According to a Harvard Business Review, having a feeling of inclusion at work leads to more than just pleasant sentiments and friendships. It promotes employee performance, higher revenues, and low turnovers.
However, two-thirds of employees still tend to feel isolated, and their opinions are not valued. Feeling disrespected or unheard is one main reason people quit (and quiet-quit) their jobs.
Building an inclusive culture where everyone feels like they are part of the decision-making process is important if you manage a team. Starting with your team meetings is a great way to do this.
In inclusive meetings, each staff member has a say and feels motivated to engage actively and present their unique ideas. Meetings are the way to get started if a company wants to create a more inclusive culture — and executives want to exemplify the feeling of belonging.
Sales manager Shelley Gutta shares a few tips on fostering an inclusive culture through inclusive meetings.
How to Ensure Your Organization Has Inclusive Meetings
What does Meeting Inclusivity Mean?
An inclusive meeting is one in which everyone feels like they are part of the conversation and their ideas are being valued.
“I was really surprised,” Shelley says, “to learn that 40% or more of attendees and employees don’t feel valued. They don’t feel seen, they don’t feel heard. These folks are becoming the quiet-quitters because they don’t feel important.”
Fostering inclusion and respect in the workplace is important to boosting performance and employee longevity.
How to Foster Inclusion During Meetings
Inclusive practices in meetings can range from ensuring everyone has a place at the table to providing everyone an opportunity to speak.
Every organization likely has a few big personalities that overshadow more quiet introverts. These folks can feel excluded if they are not given the opportunity to share their ideas.
“We all have different meeting styles, and as a manager, it’s important to be aware of that,” Gutta says. “If you have someone more introverted, make sure they have time to process what’s being said and time to contribute. You don’t want to miss a new perspective that can be valuable to your meeting. We need to make a conscious decision to make sure everyone feels comfortable in the meeting and that their contribution is valued.”
Here are some actionable paths on how you can encourage all employees to feel confident to voice their opinions during regular or impromptu meetings.
1. Encourage All Employees to Share Their Thoughts
Procedures and expectations should be defined in advance of the meeting. Inform them that they can express themselves freely and without fear of repercussions. Ask the individual who is not participating directly what they perceive, but be careful not to make them uneasy.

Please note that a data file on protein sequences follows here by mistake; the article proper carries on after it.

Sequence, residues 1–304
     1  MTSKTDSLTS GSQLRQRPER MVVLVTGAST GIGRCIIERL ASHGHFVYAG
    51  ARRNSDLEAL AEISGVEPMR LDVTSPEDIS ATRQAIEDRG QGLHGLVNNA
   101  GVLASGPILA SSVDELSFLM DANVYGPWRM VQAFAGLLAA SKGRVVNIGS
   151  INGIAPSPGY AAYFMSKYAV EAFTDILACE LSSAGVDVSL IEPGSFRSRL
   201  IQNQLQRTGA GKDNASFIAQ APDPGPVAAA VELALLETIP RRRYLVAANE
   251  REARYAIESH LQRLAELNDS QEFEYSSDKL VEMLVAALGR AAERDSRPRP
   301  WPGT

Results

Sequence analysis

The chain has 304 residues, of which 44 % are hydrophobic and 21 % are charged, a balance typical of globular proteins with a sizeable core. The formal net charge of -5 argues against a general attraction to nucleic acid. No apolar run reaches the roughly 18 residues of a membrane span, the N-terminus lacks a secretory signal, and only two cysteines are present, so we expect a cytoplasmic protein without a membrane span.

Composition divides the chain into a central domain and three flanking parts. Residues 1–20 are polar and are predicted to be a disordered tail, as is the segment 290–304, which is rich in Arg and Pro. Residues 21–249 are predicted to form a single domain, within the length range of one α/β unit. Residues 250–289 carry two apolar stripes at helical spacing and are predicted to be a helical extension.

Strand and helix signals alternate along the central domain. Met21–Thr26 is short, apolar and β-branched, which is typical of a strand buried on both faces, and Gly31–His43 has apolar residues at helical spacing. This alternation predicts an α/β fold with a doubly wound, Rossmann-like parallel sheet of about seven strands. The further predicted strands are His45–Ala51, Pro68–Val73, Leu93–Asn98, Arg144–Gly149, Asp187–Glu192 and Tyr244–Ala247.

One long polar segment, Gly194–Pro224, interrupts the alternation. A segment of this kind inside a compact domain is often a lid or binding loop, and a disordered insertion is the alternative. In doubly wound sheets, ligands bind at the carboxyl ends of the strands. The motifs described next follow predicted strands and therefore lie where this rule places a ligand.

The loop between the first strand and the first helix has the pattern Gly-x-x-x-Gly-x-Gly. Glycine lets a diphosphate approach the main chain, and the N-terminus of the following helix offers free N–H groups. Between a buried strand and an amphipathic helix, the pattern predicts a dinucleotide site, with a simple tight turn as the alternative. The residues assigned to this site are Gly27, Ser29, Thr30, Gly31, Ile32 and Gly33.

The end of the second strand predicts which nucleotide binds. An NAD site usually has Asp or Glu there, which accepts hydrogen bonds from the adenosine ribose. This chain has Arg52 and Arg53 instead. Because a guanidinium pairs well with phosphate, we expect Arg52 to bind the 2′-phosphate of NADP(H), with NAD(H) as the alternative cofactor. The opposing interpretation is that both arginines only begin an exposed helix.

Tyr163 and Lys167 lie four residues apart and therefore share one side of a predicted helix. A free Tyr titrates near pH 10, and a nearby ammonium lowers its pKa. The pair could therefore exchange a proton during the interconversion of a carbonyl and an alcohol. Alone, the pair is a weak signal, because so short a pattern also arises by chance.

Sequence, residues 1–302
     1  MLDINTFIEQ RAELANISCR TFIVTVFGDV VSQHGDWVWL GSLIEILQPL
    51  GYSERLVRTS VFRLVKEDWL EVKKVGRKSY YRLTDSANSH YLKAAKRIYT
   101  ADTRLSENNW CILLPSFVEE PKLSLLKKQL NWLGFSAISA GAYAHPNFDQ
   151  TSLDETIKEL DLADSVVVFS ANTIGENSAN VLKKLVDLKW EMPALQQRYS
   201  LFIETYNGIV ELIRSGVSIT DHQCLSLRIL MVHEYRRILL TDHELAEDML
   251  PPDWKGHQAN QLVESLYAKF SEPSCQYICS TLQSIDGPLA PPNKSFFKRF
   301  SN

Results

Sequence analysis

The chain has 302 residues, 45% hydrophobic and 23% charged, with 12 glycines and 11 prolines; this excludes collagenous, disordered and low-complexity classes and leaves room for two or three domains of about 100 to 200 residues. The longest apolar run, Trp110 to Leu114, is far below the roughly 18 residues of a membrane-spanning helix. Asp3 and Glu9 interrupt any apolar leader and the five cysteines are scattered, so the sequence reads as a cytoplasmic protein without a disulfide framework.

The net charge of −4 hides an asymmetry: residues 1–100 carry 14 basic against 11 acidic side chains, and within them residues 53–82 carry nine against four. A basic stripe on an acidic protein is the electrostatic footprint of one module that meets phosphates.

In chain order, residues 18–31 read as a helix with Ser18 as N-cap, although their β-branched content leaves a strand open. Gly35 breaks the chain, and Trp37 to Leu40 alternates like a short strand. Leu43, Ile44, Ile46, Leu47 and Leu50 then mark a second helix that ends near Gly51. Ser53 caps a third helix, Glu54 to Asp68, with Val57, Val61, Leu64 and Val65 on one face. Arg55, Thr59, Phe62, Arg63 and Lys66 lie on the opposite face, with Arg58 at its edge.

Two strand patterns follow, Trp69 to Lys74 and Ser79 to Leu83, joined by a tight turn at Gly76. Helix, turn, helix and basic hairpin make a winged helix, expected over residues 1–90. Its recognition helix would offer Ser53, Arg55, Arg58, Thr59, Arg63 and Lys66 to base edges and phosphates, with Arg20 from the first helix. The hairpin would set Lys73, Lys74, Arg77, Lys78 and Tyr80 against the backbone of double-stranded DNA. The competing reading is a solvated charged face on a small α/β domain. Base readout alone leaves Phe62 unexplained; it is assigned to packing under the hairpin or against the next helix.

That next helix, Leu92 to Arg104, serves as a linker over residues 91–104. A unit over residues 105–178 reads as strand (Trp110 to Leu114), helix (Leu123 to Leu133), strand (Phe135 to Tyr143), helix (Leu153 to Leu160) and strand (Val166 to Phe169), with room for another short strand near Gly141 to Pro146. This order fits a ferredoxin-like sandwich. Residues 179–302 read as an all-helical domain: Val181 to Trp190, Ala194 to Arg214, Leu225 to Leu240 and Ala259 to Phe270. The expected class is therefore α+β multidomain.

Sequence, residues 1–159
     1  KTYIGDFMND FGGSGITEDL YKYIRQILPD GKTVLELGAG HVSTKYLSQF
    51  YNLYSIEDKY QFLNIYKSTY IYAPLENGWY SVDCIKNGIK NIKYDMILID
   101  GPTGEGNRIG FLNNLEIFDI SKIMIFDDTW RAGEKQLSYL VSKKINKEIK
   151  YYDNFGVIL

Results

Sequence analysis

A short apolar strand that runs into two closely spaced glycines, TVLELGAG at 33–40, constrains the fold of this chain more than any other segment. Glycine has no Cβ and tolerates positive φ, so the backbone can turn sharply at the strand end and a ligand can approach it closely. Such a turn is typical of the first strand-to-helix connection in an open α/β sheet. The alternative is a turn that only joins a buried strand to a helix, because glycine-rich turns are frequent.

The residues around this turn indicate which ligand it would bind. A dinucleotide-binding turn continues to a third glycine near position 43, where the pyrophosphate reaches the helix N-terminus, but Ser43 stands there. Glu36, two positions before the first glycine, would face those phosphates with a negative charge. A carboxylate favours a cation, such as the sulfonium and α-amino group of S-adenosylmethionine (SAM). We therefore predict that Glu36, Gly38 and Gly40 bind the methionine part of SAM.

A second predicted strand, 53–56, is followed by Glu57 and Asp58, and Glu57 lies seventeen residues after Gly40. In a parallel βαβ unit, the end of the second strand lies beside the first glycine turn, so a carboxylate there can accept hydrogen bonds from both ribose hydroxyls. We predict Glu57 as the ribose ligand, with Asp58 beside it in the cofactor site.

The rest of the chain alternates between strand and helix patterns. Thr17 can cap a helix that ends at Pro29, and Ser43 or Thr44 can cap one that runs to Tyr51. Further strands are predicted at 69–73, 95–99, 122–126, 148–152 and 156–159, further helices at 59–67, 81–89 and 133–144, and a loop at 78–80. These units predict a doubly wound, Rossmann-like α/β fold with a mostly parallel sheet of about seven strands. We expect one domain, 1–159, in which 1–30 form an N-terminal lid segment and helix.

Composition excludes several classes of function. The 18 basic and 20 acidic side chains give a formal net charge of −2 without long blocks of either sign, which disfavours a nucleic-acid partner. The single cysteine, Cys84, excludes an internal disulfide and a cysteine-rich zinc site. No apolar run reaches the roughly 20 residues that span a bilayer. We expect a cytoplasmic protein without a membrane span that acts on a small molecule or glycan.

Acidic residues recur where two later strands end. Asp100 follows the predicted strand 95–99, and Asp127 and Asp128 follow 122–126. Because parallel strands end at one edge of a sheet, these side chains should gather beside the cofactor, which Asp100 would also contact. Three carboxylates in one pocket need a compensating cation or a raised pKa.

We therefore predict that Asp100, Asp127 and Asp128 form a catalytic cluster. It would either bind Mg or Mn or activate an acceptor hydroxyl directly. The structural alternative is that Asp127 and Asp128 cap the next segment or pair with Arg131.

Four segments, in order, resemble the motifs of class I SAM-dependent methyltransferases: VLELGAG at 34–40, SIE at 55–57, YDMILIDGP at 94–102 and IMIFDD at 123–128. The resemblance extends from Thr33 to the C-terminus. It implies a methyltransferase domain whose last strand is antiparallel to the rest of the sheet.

If there are introverts in the room, begin with a brief round-robin exercise that includes everyone and allows guests to get to know one another better. You can divide employees into smaller groups or rotate the seating midway through the exercise for very large groups.
Shelley says, “you could even set up assigned seating to stir up conversation from folks that may not normally engage with one another.”
2. Make Everyone Comfortable
During the meeting, concentrate on basic habits that help people feel at ease. This might be as simple as sending out a pre-meeting email urging attendees to arrive “ready to give as well as listen.”
It may appear that this is a minor task that can be delegated to another employee, but in our daily job, leaders are in the ideal position to make people feel comfortable in this type of atmosphere.
3. Establish Clear Rules
Set clear general principles for the meeting and implement them. When inclusive meeting behavior is regulated, offenders are placed on notice, and everyone is aware of their rights and duties.
There will always be alphas who like to be in control of or regularly oppose what other employees have to say. Such individuals may cripple the efforts of introverted employees trying to voice their opinions.
Watch out for such individuals and interject to bring the conversation back to the larger group. If someone is being interrupted, intervene fast.
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4. Consistency and Follow Up
Most firms have already shown dedication through hiring procedures and the formation of diverse teams. The same is true for inclusion; we must insist on it as the norm at meetings and beyond.
Additionally, follow up on the actualization of ideas and opinions after the meeting. It helps them know that their opinions were taken seriously. Thank the attendees for coming and soliciting their feedback.
How Does Inclusion Benefit Your Company?
Companies receive significant bottom-line benefits when employees feel like they belong. An inclusion culture is directly proportional to an increase in workplace performance. It also reduces turnover rate and sick days.
Shelley says, “to have an inclusive meeting where all of your attendees feel important gives that person a sense of ownership, and that is often a bigger motivator than money.”
When employees feel their opinions are more appreciated in their workplaces, they are more likely to recommend their company to new job seekers.
Meetings have evolved over time: we now meet digitally, beyond time zones, and with significantly less face-to-face time. But one thing has been constant. Inclusive meetings largely create and foster a fully inclusive culture in any organization.
This culture promotes employees to accomplish their best at work. It is your responsibility as a leader to ensure that they do.
These tips will help you make every employee feel comfortable enough to speak up and be heard during meetings.